ICC probe in focus: ANC, Inquirer.net and Rappler explain pre-trial chamber’s findings

CHEERS TO ANC, Inquirer.net and Rappler for reporting with appropriate context the International Criminal Court’s (ICC) decision to investigate the “war on drugs” of the Duterte administration and the Davao Death Squads (DDS) while Duterte was mayor of the city. The three accounts go in-depth, explaining the basis of the decision as well as describing what this means for the government. 

The ICC decision was announced on September 15. Most of the media reported only on what the ICC said in its press brief, as well as the quick counter of the Palace and its refusal to cooperate, with a few accounts adding what human rights groups and families of victims said to welcome the probe. 

But the three media organizations cited above provided expert views and analysis to help the public understand the issues.

Rappler’s Jodesz Gavilan condensed the 41-page decision into ten key points. Among the points Gavilan highlighted are:

  • The drug killings as “state policy;” with the report calling attention to “cash payments, promotions, or awards” that perpetrators received
  • The “lack of due process” in the drug-related killings
  • Duterte’s “violent rhetoric” that emboldened officers to kill
  • The drug war’s targeting the poor
  • The lack of substantial investigations

ANC Rundown’s Mike Navallo zeroed in on the question of whether the government can stop the ICC’s investigation. He interviewed lawyer Ruben Carranza, International Center for Transitional Justice (ICTJ) Senior Expert, who provided the broader landscape in which the investigation works.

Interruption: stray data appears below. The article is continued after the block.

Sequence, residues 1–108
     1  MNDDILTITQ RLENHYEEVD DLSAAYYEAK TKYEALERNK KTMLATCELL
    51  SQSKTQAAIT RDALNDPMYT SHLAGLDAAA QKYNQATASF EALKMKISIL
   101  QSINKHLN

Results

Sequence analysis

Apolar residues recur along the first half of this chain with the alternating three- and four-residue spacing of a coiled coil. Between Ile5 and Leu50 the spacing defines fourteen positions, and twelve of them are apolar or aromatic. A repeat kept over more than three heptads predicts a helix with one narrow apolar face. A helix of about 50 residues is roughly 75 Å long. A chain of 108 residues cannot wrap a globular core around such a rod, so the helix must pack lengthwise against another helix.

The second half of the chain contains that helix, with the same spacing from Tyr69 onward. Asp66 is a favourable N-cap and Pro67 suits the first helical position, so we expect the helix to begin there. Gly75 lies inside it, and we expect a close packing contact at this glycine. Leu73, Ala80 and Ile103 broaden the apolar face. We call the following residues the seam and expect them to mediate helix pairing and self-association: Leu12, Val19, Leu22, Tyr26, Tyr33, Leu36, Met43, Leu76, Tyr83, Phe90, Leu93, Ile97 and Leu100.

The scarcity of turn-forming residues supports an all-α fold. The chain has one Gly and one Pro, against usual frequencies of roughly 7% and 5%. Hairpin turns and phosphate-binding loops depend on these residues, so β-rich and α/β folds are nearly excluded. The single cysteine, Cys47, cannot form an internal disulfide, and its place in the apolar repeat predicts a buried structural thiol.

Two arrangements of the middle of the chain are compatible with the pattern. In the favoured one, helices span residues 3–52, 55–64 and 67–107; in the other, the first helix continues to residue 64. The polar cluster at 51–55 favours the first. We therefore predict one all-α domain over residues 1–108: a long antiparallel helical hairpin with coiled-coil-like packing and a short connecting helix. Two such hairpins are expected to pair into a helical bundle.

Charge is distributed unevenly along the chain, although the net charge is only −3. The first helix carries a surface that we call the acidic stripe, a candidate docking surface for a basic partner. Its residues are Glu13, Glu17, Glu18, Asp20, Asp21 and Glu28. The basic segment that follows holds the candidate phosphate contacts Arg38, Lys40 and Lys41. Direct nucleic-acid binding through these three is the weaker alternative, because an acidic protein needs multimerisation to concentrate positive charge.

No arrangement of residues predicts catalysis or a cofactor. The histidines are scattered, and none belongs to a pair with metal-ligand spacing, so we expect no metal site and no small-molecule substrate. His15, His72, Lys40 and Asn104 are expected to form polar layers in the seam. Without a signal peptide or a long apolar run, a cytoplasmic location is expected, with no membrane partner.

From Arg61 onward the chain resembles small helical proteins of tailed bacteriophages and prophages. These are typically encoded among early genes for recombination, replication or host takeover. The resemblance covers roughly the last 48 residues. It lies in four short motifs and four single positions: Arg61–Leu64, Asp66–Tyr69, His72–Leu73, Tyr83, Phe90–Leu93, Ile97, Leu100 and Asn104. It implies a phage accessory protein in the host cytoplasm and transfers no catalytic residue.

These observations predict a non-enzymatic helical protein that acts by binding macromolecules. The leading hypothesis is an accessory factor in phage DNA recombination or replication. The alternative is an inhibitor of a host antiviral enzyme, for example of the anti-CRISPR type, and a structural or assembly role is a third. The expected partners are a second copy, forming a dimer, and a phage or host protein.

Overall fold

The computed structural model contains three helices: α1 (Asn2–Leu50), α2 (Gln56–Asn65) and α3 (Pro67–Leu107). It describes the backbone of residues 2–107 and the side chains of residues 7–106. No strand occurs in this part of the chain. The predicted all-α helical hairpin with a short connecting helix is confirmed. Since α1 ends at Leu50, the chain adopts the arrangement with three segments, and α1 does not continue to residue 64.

In the 22-minute interview, Carranza said that the administration cannot stop the probe. It can only ask for a deferment, which it did not do. The government may also appeal the decision of the pre-trial chamber, but the prosecutor can still investigate while the appeal is pending. He also said that because perpetrators have been identified as policemen or vigilantes linked to the police, evidence supports the “systematic” nature of the crimes. He added that ICC’s decision to include earlier Davao killings, and other non-murder crimes indicates “widening the scope” to prove the killings as “systematic and widespread.”

Inquirer.net underscored how Duterte’s tirades against the drug menace provided evidence for the ICC. The online news site traced the timeline of his statements dating back to his presidential campaign in 2016. Reporter Kurt Dela Peña cited Fatou Bensouda, former ICC prosecutor, who said that the president’s words have “encourag[ed], support[ed] and, in certain instances, urg[ed] the public to kill.” The report came with a visual timeline of 16 of the president’s most damning statements that include his “shoot-to-kill” orders and defense of law enforcers involved in killings. 

Media should focus public attention on the issue. The ICC is an international institution, an agency that does its job according to set rules of investigation and truth-seeking. Journalists need to uphold the credibility of its process. The ICC provides a system of public accountability, which is often lost when governments become so powerful as to control even its justice system. Without the media doing its job, the public will hear only what government and its propaganda arms have to say.